2nd: As being sufficiently attractive to captivate a white man of apparently sound mind and body and after twelve years of unlawful intercourse to retain such influence over him as to induce him to make an honest woman of her.
3rd: The courage and constancy of the man Lewington demand a dowry with his wife.

However as the lady is of depraved habits it would perhaps be well to settle and land granted upon the son.

This letter, addressed to The Premier from the Colonial Secretary’s office, was the first to suggest giving Frederick the grant. From then on, this suggestion was considered the most sensible option and became the government’s official stance. The attitudes displayed caused no comment from anyone involved in the case, so we must assume they were considered sensible and reasonable at the time.

Police report from Fremantle

The police report, made by an inspector in the Fremantle district, was turned in five days later, and included the story of Ellen and Robert’s 25-year relationship history, as well as the following passage:

Robert Lewington and his son are steady and work hard. Ellen Lewington often leaves home and is away for several days at a time and is a great drunkard. At the present time she is away from home and has been abroad about 5 days. Assumed to be somewhere about Fremantle.

Robert Lewington would later place a notice in the Daily News stating that his wife, ‘a native of this country’, had deserted her home and that he would not be responsible for any debts incurred by her.

Newspaper advertisements in this period were common methods of dispersing public information: similar advertisements would have been placed when businesses changed hands, or when land was bought and sold. It gave men a legal standing if debtors should attempt to hold them responsible for things they had publicly renounced - such as wives.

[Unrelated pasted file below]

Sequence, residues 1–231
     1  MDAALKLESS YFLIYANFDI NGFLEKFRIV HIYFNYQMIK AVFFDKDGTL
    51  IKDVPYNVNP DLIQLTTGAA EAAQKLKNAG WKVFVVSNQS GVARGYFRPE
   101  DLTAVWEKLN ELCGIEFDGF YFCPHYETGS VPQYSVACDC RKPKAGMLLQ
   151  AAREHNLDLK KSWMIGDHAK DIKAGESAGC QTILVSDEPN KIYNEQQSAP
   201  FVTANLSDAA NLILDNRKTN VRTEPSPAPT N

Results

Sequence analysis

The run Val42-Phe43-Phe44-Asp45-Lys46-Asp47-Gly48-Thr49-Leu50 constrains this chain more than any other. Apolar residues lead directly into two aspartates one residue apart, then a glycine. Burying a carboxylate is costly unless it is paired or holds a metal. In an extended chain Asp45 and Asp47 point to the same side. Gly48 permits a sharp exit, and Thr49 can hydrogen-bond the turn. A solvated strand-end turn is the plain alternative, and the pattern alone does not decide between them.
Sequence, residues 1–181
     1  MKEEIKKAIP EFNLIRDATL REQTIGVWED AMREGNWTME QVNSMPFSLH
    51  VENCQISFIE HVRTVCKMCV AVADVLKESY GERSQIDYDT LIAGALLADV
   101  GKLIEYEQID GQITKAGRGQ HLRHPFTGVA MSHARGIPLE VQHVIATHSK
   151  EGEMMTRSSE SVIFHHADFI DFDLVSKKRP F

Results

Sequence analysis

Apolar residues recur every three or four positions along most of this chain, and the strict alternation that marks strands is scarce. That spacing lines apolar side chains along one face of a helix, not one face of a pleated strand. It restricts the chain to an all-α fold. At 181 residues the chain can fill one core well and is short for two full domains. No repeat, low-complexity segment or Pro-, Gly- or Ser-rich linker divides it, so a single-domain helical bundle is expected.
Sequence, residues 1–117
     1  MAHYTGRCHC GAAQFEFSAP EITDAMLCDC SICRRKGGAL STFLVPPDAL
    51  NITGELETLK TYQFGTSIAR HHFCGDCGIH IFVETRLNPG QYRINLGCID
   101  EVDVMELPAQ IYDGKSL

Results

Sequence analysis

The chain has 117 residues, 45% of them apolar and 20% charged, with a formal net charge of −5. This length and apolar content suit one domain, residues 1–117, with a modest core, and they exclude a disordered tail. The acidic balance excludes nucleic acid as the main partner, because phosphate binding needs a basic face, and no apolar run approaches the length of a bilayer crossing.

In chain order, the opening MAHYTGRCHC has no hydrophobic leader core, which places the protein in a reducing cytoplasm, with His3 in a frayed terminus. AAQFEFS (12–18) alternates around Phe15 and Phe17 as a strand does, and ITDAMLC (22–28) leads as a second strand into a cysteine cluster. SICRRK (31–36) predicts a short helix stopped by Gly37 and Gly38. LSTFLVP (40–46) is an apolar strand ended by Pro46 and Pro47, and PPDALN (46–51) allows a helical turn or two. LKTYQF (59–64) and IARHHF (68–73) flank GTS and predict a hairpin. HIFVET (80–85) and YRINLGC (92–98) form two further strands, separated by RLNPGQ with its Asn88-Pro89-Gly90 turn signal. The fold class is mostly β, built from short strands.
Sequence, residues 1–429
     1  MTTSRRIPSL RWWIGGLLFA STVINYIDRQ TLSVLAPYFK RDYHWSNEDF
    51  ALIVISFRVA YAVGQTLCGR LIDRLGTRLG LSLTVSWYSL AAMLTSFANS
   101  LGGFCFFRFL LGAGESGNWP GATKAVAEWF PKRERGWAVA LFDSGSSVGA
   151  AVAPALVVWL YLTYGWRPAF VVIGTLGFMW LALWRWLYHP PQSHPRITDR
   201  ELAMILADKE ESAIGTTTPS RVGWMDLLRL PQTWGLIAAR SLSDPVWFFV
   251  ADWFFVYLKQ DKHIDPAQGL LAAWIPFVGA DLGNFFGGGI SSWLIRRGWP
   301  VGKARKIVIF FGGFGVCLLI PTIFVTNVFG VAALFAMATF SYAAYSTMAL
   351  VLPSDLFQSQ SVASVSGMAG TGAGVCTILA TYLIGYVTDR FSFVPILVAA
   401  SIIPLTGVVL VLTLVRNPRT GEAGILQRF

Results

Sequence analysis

'A worthless creature': the Fremantle Magistrate’s suggestion

Fremantle Resident Magistrate Robert Fairbairn, a man who sat in judgement of many people over his long years in office, had this to say about the Lewingtons after meeting with them:

Mrs Lewington being a worthless creature I would recommend that the land be given to the son who informs me he would willingly accept. The parents are quite willing that the grant should be made to their son direct. They would like to select the land at or near Coogee.

Letters flew between departments, and it was agreed at the end of June 1893 that Frederick could select a block of about 100 acres and apply to the Survey Department for approval.

Ellen’s last attempt

No more letters were recorded until Ellen Lewington, with help, wrote a new letter to the Undersecretary for Lands in February 1894:

With reference to my application for a free grant of 100 acres of land, as an aboriginal, I beg to ask that the grant be made in the joint names of my son Fred Lewington and myself, instead of his own name. 
If you will approve of my request, I beg to be allowed to select Jandakot lot 234.
Yours faithfully, 
Ellen Lewington

This was refused on the same grounds as before, and it was reiterated that Frederick needed to apply for the land himself.